What are Monoclonal Antibodies?
Monoclonal antibodies (mAb or moAb) are antibodies created through the cloning of white blood cells. Subsequent antibodies derived in this fashion are identical to the unique parent cell. Therefore, they have a monovalent affinity by binding only to the same epitope, or part of the antigen recognized by the antibody. In contrast, polyclonal antibodies are made by multiple antibody-secreting plasma cell lineages and can bind to various epitopes.
Bispecific monoclonal antibodies can bind to two epitopes by increasing the therapeutic targets of a single monoclonal antibody. Production of monoclonal antibodies that bind to any specific substance is possible for the purpose of detection and purification, leading to the creation of tools in molecular biology, biochemistry, and medicine.
Monoclonal Antibodies in Medicine
Monoclonal antibodies have been created to combat symptoms from SARS-COV-2, the virus that allegedly causes symptoms associated with COVID-19.
Information on SARS-CoV was initially published by Dr. Zheng-Li Shi, director of the Wuhan Institute of Virology, where researchers first identified the virus in a solitary bat cave in the Yunnan province of China, approximately 3,200 km (2,000) miles from the city of Fudan. Roughly three years later, SARS-CoV-2 was discovered 1,600 km (1000 miles) from the caves, across the Yangtze river next to the Wuhan Institute of Virology, where Shi and colleagues immediately sequenced the genome.
The SARS-CoV-2 genome encodes four major structural proteins that include spike (S), envelope (E), membrane (M), and nucleocapsid (N), in addition to accessory and nonstructural proteins. Anti-SARS-CoV-2 monoclonal antibody treatments that specifically target the spike protein have been shown to have a clinical benefit in treating SARS-CoV-2, specifically:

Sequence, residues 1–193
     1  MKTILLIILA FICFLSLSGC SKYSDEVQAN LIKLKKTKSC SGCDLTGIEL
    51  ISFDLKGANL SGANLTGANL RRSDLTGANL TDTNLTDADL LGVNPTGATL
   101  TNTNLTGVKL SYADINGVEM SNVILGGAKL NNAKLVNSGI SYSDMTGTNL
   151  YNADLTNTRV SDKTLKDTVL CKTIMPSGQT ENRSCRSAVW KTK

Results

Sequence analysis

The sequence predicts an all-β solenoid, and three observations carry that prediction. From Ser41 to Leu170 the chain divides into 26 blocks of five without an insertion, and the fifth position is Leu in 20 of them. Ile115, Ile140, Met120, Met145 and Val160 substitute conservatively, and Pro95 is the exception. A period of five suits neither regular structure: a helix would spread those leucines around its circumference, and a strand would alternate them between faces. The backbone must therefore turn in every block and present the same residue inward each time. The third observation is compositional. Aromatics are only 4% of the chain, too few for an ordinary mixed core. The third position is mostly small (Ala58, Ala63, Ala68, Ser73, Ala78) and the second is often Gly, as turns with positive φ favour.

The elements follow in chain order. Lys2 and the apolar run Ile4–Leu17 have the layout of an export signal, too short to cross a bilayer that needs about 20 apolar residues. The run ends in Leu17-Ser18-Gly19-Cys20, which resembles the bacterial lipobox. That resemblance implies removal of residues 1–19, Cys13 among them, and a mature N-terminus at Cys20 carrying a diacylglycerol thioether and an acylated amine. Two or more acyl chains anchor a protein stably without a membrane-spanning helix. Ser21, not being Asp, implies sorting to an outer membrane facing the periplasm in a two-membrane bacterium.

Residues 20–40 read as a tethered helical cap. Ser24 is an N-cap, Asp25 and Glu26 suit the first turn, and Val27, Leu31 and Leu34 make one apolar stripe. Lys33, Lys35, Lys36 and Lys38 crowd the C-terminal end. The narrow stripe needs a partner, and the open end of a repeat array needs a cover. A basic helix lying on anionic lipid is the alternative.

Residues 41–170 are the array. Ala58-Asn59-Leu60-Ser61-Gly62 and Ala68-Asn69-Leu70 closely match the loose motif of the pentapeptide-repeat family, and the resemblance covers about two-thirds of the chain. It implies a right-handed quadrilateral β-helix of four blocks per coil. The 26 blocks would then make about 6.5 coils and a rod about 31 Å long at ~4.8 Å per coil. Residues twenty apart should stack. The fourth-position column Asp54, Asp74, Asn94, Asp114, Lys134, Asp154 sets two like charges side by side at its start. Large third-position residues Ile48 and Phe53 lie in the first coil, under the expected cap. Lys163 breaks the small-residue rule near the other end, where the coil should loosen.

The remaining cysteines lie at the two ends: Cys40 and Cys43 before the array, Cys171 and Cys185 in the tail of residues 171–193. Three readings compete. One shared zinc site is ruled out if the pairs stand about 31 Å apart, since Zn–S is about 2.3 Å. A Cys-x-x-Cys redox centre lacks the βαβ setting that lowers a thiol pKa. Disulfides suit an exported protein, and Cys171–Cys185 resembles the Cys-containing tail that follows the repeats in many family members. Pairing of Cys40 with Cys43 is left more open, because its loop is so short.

Bamlanivimab plus etesevimab – neutralizing mAbs that bind to different epitopes that concurrently overlap in the RBD spike protein of SARS-CoV-2.
Casirivimab plus imdevimab – recombinant human mAbs that bind to non-overlapping epitopes of the RBD spike protein of SARS-CoV-2.
Sotrovimab: identified initially from a SARS-CoV patient in 2003 that targets an epitope in the RBD of the spike protein conserved between SARS-CoV and SARS-CoV-2.
Monoclonal Antibodies (Covid) Side Effects
Commonly reported side effects for bamlanivimab/etesevimab include:
- Difficulty breathing
- Rapid/slow heart rate
Commonly reported side effects for casirivimab/imdevimab include:
Other Monoclonal Antibody Treatments
Monoclonal antibodies are used to treat other conditions, including:
- Cardiovascular disease
- Systemic lupus erythematosus
- Crohn’s disease
- Rheumatoid arthritis
- Multiple sclerosis
- Ulcerative colitis
- Thyroid disorders
Monoclonal Antibodies FAQ
Antibodies are produced by white blood cells.
Monoclonal antibodies are synthetic antibodies cloned from white blood cells used to treat conditions that include cancer, cardiovascular disease, psoriasis, systemic lupus erythematosus, rheumatoid arthritis, Crohn’s disease, multiple sclerosis, thyroid disorders, and ulcerative colitis.